Our associates give non-profits personal attention by promoting them in this newsletter, on twitter, our blog and our website. Beyond that, we get involved in events through sponsorship and attendance. As a local company, we have an interest in the development of the community around us. Our GNEC program is an innovative fundraising mechanism that gives money back per sign-up to further the non-profit mission. All in all, Clean Currents and non-profits are a great match!

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Going Green is the new trend

Posted on July 22, 2010. Filed under: Uncategorized | Tags: , , , |

Consumers who care about the environment are a prime target of green washing, fake “green” companies. This is no surprise. Environmentally conscious consumers are generally well educated and well off. They are a great target market and thus tempting to companies that might otherwise have no green interest (environmental “green,” that is).

You have to do a little additional homework to separate the truly green companies from the green washers. I propose this simple three part test to figure out who talks “green” and who actually walks “green:”

1. Does the company only offer green products or is a green product part of a group of products, including polluting products?

Are they promoting “wind power” on the one hand, while selling massive amounts of coal or nuclear power on the other hand?

2. Are the company’s operations certified as being sustainable by a legitimate third party entity, which performs an actual on-site audit?

For example, when Clean Currents got certified by Montgomery County Maryland’s Department of Environmental Protection, we had auditors visit our office to ensure we are doing everything we claimed we were. Any kind of “green registry” that does not require a third party audit is worthless.

3. Does the company work with advocacy groups to support environmental legislation beyond legislation that would directly improve the company’s business?

A solar company that advocates for increased solar incentives does not count. That’s pure self interest. But companies like Clean Currents that push for broad legislation that reduces carbon emissions, or that cleans up the Bay make a real difference beyond their immediate self interest.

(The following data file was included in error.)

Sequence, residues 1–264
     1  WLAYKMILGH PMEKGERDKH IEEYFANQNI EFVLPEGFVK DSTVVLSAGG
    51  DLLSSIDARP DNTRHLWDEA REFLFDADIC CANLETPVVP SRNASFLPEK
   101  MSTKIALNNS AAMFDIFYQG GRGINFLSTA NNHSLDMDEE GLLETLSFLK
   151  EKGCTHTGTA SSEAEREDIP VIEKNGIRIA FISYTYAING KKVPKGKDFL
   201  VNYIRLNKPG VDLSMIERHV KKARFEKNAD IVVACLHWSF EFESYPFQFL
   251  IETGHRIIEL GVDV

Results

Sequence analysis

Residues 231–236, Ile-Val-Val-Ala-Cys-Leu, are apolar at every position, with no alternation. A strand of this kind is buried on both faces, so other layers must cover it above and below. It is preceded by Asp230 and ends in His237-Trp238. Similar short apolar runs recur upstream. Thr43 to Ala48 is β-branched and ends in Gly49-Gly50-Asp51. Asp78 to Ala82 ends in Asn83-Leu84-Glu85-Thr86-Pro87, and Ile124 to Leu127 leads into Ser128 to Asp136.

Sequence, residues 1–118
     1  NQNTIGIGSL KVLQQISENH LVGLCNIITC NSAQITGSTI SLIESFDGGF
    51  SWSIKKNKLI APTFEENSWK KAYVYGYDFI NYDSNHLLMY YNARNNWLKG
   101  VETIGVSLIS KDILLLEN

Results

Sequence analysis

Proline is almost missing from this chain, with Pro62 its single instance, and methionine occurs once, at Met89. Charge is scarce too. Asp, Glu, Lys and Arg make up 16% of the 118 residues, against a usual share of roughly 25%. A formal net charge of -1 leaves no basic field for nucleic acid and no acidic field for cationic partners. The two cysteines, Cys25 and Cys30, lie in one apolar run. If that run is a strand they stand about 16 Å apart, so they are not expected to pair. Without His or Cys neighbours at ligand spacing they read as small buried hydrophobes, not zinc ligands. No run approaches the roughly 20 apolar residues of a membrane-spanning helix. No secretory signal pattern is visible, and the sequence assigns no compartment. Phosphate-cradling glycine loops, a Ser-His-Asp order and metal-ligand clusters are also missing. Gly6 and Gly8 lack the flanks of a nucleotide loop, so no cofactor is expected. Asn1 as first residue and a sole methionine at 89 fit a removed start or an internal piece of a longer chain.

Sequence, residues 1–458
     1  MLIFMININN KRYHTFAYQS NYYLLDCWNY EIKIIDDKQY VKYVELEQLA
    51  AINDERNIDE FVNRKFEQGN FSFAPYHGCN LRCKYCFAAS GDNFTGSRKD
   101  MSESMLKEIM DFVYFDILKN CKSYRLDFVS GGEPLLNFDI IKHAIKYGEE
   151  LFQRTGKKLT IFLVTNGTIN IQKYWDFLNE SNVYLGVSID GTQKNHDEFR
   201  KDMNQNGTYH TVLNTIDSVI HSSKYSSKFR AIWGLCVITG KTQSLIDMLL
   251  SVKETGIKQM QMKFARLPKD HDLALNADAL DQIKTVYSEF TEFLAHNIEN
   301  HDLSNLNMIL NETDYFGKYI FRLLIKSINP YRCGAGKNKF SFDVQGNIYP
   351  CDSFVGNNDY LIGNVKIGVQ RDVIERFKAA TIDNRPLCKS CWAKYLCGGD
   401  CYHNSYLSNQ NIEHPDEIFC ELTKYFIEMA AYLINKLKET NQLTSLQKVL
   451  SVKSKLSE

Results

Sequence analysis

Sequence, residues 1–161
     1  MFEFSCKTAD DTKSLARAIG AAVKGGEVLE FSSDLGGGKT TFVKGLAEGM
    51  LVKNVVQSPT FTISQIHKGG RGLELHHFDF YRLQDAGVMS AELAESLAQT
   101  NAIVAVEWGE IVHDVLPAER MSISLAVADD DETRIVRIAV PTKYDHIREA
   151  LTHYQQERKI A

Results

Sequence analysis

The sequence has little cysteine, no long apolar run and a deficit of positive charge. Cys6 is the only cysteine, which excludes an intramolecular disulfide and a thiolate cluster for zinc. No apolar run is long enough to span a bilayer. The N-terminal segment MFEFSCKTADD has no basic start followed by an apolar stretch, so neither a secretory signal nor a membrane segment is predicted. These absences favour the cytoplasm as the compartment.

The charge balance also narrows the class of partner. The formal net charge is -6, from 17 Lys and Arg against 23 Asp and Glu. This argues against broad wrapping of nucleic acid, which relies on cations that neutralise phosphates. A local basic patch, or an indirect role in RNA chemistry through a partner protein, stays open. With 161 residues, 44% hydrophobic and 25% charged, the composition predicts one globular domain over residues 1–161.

So, if a company claims they are sustainable on their web site, ask them for proof. If they say they donate money to non profits, or support planting trees or something like that, tell them that’s not enough. Even Exxon Mobil donates to charities like that. The true test is what are they doing to change the laws of this nation (or of their home states or cities)? Voluntary green actions are great, and they are important in terms of making a difference. Environmental consumers have the power to change the way business is done, to ensure that every company becomes a true green minded entity instead of a green washer trying to make a quick buck on the latest fad. By purchasing products only from green companies that pass the simple green test, you are ensuring that there will be a growing industry of truly green businesses that protect the planet while protecting their bottom line.

From Garys blog!
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PA Gov. Rendell & State Rep. DePasquale Speak about Progressive Energy Policy at PA Conference

Posted on July 22, 2010. Filed under: Uncategorized |

Clean Currents President Gary Skulnik and Pennsylvania Coordinator Karen Sander heard PA Governor Edward Rendell give an inspiring speech at the Sustainable Energy Conference in Bethlehem, PA.  

The gov. spoke about making Pennsylvania a leader in pursuing energy independence and creating jobs in the emerging alternative energy field.  This will not only reduce our dependence on foreign sources of energy and save families money, it will stimulate our economy.  

The alternative energy field has created thousands of jobs across Pennsylvania and will continue to create jobs that will give this economy the boost it needs.  He questioned why we seem to be funding both sides of the war on terror, with money going to pay for oil to regimes that don’t necessarily support us.  Great question.  His ambitions with alternative energy don’t stop at creating jobs for our residents, but they aim to save and improve the beautiful environment found all across Pennsylvania.  He passed a Growing Greener environmental investment package worth $625 million that is being used to clean up rivers and streams, improve parks, preserve farmland, and return abandoned industrial sites to productive use.  

The Governor ended by talking about the national scene. He pushed hard for Congress to pass laws that strongly encourage clean energy and reduce greenhouse gases. We agree!

 Pennsylvania House Respresentative, Eugene DePasquale also spoke at the conference.  He is the prime sponsor of HB 2405 which would significantly boost the amount of energy in Pennsylvania derived from cleaner, alternative energy sources. This shift would help create manufacturing jobs in the Commonwealth and provide enough clean energy to power 2.1 million homes!  He is on the Environmental Resources & Energy committee and has many goals in mind for the state of PA and it’s future as an environmental leader. Rep. DePasquale was very inspiring. In his short time in the Assembly, he has already shown what a dedicated public servant can do to pass bi-partisan clean energy legislation.